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2023 Food of the Year is not food?

2023 Food of the Year is not food?

My choice for Food of the Year is Ultraprocessed Food. UPFs are getting a lot of bad press lately. Every day brings more handwringing about the dangers of eating these products. They’re blamed for every health problem from cancer to heart disease, depression, obesity, Type 2 diabetes, inflammation, and kidney disease. I’m surprised they haven’t been linked to dandruff, but it could happen any minute.

The tidal wave of hysteria hides one major problem: there’s no official definition of “ultraprocessed foods”. The media spends a lot of time warning everyone to avoid UPFs, but what exactly should we avoid? According to some definitions, yogurt, whole wheat bread, canned vegetables and rotisserie chicken should be avoided. Seriously?

Let’s Get Real

Aside from raw fruit and vegetables, most of the food we eat is processed in some way. Meat is cooked. Grains are cooked or ground into flour and used for baking. Milk is made into cheese and yogurt. Legumes are cooked.

Humans have been processing (cooking) food for hundreds of thousands of years. Some anthropological evidence suggests early humans may have been using fire almost 2 million years ago. The theory is that cooked (processed) food was easier to digest, freeing more nutrients for absorption, and driving human evolution.

Now we’ve moved into a new phase of human life: the Era of the Ultraprocessed Diet. If most of what you eat is ultraprocessed food, you’re missing all sorts of nutrients from whole food. The Era of the Ultraprocessed Diet could cause human health to devolve.

By the way, UPFs have been in the food supply for awhile. Cheetos were invented in 1948, Oreo cookies in 1914, Tater Tots in 1953, chicken nuggets also in the early 1950s. Carbonated soft drinks were developed during a period spanning the late 1700s to early 1800s. What’s recent is the sheer number of UPF products available.

Identifying UPFs

Some of the UPF lists lump whole wheat bread and yogurt with Froot Loops and artificially sweetened low fat “ice cream”. That’s ridiculous. One definition describes UPFs as foods that have been altered to include fats, starches, sugars and salt. But Pop Tarts and Cheetos have been made entirely from scratch; no altering of anything involved, so I don’t buy that definition. A system called NOVA attempts to make some sense of this problem, sorting foods into 4 groups. The UPFs are described as industrially formulated, made from additives and ingredients derived from food. That’s more useful for describing products like Pop Tarts and Cheetos.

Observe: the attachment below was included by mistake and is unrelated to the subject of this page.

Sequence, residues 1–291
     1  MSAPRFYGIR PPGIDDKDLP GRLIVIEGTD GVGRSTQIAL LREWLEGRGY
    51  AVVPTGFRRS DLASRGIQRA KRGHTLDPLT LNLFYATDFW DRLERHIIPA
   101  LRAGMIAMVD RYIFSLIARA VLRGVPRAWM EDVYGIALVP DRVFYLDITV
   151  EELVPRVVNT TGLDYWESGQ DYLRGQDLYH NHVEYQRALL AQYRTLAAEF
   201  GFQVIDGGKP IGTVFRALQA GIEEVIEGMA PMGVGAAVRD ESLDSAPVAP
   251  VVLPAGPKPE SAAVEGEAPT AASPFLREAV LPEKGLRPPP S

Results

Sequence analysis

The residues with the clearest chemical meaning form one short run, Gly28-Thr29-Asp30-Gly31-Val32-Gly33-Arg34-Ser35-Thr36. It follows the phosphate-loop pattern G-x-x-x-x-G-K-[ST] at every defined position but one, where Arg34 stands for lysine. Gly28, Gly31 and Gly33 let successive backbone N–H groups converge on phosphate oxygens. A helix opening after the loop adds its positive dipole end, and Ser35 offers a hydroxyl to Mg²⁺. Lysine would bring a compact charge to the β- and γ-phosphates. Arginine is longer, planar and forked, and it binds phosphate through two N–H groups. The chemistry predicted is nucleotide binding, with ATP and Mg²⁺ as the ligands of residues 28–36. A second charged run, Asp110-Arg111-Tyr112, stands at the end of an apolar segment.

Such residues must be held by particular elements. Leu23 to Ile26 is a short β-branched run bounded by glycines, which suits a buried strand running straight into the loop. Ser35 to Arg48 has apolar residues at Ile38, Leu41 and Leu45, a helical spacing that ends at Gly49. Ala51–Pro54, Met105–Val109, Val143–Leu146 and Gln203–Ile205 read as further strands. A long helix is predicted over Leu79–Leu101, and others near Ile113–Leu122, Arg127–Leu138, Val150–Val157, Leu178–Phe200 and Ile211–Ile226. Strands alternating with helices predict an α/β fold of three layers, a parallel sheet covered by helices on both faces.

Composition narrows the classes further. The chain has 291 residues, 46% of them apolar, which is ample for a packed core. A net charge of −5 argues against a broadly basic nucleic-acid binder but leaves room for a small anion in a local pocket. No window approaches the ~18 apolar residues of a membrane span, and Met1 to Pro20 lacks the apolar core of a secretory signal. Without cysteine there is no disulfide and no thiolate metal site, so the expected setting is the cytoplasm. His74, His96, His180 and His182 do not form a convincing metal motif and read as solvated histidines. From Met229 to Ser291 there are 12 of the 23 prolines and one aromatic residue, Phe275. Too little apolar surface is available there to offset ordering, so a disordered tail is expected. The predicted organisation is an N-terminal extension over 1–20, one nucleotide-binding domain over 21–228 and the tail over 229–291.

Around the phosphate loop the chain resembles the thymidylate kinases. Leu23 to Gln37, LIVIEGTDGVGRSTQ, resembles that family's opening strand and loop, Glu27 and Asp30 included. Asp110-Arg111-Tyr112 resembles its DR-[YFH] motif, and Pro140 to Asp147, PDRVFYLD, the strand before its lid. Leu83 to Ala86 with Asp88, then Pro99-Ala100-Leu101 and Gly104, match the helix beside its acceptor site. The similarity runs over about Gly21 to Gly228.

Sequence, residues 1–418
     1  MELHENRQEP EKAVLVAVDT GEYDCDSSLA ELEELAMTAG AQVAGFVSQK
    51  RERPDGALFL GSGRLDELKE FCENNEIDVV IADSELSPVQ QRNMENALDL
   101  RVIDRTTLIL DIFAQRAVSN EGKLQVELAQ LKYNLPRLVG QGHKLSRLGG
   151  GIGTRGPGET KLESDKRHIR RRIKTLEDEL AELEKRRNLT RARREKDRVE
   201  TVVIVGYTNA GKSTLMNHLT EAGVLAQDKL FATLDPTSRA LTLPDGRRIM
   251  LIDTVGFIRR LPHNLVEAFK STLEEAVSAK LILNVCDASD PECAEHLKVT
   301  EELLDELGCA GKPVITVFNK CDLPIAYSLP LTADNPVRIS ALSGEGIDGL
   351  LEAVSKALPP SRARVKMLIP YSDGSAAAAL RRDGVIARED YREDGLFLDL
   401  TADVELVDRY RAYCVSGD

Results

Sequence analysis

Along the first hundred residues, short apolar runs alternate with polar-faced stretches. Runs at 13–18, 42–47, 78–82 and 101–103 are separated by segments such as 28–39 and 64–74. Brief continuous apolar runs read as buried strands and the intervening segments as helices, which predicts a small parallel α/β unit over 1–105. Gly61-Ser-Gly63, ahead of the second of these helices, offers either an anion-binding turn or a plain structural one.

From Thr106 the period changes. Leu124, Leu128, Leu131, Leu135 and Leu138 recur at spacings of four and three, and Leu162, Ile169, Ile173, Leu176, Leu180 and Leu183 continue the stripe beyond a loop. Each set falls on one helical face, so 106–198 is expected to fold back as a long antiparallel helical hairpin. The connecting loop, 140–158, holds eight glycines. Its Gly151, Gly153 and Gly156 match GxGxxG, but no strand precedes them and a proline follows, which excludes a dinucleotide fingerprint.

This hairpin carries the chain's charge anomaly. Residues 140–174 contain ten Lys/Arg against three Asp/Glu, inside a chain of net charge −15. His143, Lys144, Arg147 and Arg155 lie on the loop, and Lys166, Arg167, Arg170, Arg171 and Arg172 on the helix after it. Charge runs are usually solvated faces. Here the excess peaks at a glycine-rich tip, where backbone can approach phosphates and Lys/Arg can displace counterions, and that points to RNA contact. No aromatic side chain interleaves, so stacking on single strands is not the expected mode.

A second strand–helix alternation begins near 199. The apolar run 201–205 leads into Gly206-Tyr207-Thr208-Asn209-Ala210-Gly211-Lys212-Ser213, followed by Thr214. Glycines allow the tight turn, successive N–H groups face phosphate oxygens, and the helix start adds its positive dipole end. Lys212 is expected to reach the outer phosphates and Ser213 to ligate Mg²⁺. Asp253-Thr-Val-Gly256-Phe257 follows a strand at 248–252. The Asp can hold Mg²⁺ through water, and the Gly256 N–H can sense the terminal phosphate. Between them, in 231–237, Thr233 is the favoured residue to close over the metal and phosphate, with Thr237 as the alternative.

It may simply be that you know an ultraprocessed food when you see one. In my book, a lot of these products aren’t real food at all. The most you can say is that they’re edible. Cheetos, Froot Loops, Mountain Dew, Skittles and the like are in the food supply because companies manufactured them. Hot dogs, potato chips and fried chicken at least have some relationship to real food ingredients.

Speaking of processed meat…

Months ago the negative energy was focused on processed meats. Food consumption data linked them to poor health. The experts told us to avoid them all, everything from hot dogs to bologna to salami and pepperoni. Bacon? Avoid. I’m sure they lumped prosciutto and ham in that list.

Call them “processed” or cured, these foods have been in the human diet for centuries. Before refrigeration, curing was a very effective way to preserve meat for lean times. Somehow humans survived while eating “processed” meat.

Edible but not food

I categorize ultraprocessed foods as completely manufactured, using a variety of chemicals, some of which may originate in actual agricultural products. They may be edible, but I don’t think of them as food. They’re typically devoid of nutrients and loaded with sweeteners and/or fats.

Edible, not food.

In case you need some general guidance, here are some examples:

  • Brightly colored ready-to-eat cereals with sugary-sounding names
  • Soft drinks, energy drinks and sports drinks. Anything flavored, colored, and sweetened with sugar or artificial sweeteners.
  • Favored/sweetened coffee “creamers”
  • Snack foods like chips and puffs, especially flavored and salted varieties
  • Artificially sweetened or low fat/low carb versions of normal foods. Frozen desserts, bakery items like cookies, candy, cakes, yogurts.
  • Made-up stuff, like Snowballs and Twinkies.

What about fast food? Pizza? They’re certainly processed, but I don’t consider those ultra processed. They have normal ingredients. Is a burger from a restaurant any more processed than one you cook at home? Is a take out pizza worse than a pizza you make from scratch at home? It all depends on ingredient choices, which are under your control.

The Bigger Picture

Patrolling the grocery store with a list of Good and Bad foods sounds mentally exhausting. Go with common sense. Foods should be close to their original form. Oreo Cereal does not fit that description; there’s no original form of Oreo cereal. It’s entirely made up. It may be edible, but I don’t consider it a real food. The less of this stuff you eat, the better.